5. Magnesium salts – You may be more familiar with the Epsom salt bath, taking its name from a bitter saline spring in Epsom in Surrey, England, where the salt was produced from the springs that arise, a remedy known for its potential healing of sore muscles. Little side note for runners like me with a brown thumb: gardeners use it to improve crops/flowers.  Epsom salt baths have been a routine part of my training so I was thrilled when a fellow Ironman and doctor friend of mine introduced me to Life-Flo Pure Magnesium Oil.  You can just spray it on, let it dry briefly and go about your day.  You experience a little tingle that lets you know it is working without being the offensive Bengay skunk in the office all day.
  6. Raindrop Technique – This is a powerful technique using essential oils that combines several modalities to bring balance and transformation. It involves applying therapeutic grade essential oils to the spine, neck and feet.  The session lasts about an hour; however, the claim is that the benefits may last up to a week or more.  The three modalities that combine to form Raindrop Technique are aromatherapy, vita flex technique and “feather stroking.”  My friend and fellow track club member, Michelle Spires, is a professional and very passionate about her practices.  She knew I was a newbie to any types of treatments of this nature, so she walked me through everything she was doing, step-by-step.  It was so relaxing that I nearly fell asleep on the massage table several times, which she encourages as a means of relaxing and restoring the entire body.
  7. Yoga – Ohmmmm…I will admit that I can be a runner who doesn’t slow down enough to include an important hour of stretching into my weekly routine. Now that the marathon is over and I don’t have to spend every Sunday running for hours, I plan to do just that!  Each week Lululemon offers a free, (yes FREE) yoga class on Sunday mornings from 9:30-10:30am.  It’s really great because you get to experience the teachings and expertise of yoga instructors from all over the Jacksonville area.  My favorite style typically is more the Vinyasa “athletic-style” flow, as I can really feel it strengthening and toning my muscles, and can even work up a little sweat.  This particular week it happened to be a more relaxed style yoga, which was actually quite perfect!  I left the session feeling renewed, refreshed and ready for the week ahead!  My one note of caution here would be that if it is part of your routine to run first and then go to yoga (especially warm or hot yoga), that you hydrate really well post-run and during the session, so as not to damage your muscle tissues by over-stretching in a dehydrated state.

*Bonus tip – Compression gear – This is an ongoing recovery method for me.  Last week during our weekly track training group session, 2XU provided wear testing for all of the athletes.  These were the compression calf-sleeve variety but I love the full compression socks.  I also have a form of compression gear wherein you slide thin ice packets into the sleeves (110%).  I wear compression socks when I’m traveling on a long flight, during all of my long runs or workouts in the winter months and the day after a race, all day.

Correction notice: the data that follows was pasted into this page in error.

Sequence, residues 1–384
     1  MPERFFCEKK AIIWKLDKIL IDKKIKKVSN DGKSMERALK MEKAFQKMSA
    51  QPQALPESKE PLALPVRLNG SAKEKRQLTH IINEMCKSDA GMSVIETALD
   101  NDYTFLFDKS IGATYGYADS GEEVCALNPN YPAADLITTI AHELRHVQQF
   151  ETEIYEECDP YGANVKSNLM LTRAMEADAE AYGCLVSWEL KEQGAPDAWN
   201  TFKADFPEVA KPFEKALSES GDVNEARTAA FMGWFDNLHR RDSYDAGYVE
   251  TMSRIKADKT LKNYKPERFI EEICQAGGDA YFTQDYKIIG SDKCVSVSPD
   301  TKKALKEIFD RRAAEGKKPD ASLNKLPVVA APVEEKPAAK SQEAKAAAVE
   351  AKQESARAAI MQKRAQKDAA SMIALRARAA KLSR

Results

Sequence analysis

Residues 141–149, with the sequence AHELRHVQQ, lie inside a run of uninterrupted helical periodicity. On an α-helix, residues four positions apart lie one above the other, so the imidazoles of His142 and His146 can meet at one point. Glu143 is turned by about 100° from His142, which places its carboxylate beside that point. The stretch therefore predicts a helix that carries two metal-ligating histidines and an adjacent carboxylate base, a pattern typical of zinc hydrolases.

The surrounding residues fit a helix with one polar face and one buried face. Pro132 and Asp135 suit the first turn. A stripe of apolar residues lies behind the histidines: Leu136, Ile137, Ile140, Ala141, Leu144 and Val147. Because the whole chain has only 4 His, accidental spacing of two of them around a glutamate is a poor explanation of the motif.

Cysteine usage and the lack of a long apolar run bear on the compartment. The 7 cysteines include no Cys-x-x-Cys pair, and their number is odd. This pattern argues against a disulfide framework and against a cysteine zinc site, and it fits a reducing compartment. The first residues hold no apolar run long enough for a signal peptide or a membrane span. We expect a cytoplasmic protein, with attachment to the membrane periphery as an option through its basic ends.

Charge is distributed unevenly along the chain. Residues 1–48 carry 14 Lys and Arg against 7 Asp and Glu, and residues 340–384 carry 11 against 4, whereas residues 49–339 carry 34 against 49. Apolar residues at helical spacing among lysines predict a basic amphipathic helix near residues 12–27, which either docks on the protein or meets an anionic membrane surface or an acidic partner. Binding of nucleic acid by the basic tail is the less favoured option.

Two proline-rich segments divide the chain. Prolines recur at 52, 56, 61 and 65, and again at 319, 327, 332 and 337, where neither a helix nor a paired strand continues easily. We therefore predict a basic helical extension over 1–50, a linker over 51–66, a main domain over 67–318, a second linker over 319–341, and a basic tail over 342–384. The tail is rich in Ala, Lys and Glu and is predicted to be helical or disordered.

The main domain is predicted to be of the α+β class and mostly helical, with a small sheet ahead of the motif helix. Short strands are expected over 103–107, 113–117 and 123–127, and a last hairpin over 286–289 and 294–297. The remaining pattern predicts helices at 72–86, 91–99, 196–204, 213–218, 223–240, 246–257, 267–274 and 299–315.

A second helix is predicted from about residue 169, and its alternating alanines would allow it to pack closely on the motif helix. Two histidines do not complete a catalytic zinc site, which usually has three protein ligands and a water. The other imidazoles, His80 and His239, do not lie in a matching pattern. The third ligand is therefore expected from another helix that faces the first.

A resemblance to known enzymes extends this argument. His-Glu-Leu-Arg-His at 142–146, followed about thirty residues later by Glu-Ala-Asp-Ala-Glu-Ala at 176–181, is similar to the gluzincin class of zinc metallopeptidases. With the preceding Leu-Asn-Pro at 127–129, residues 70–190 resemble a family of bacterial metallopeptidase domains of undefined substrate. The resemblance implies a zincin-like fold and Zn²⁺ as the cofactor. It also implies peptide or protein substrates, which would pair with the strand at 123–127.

*Bonus Tip #2 – 100% Tart Cherry Juice – At the first Cora Healthy Happy Hour of 2016, I learned from expert Dr. Stephan Esser (Esser Health) about the benefits of tart cherry or 100% pomegranate juice for recovery.  On my next trip to TJ’s a grabbed a bottle of the tart berries in liquid form and even though I don’t really like cherries or cherry flavoring I must say I think it helped!

*Bonus Tip #3 Foam Roller/Trigger Point – This is how I roll, several times a week and often with the athletes I coach.  For more information, to learn how you can do self-massage at home utilizing this technique and to obtain your own foam roller, check out the Trigger Point Workshop at Jacksonville Running Company, Friday March 4th at the Tapestry Park location, 6:30pm.

The bottom line with each of these methods, both innovative and time-tested is that if you think it works, it probably does.  Recover well, my friends!  See you soon on the parade through downtown towards the Hart of one of my favorite races!

About the Author:

Julie Stackhouse, owner of Stackhouse Fitness (getstackednow.com) and Performance Running Coach (jaxrun.com) was the 2016 female overall winner of the Donna 26.2 to Finish Breast Cancer, finishing 3rd overall amongst the male competitors.  She is the only Jacksonville woman to ever win the marathon, and the only person to win both the half and the full in consecutive years at this event.  Her time of 2:53.17 established a record on the new course (sans beach).

Sunny Runner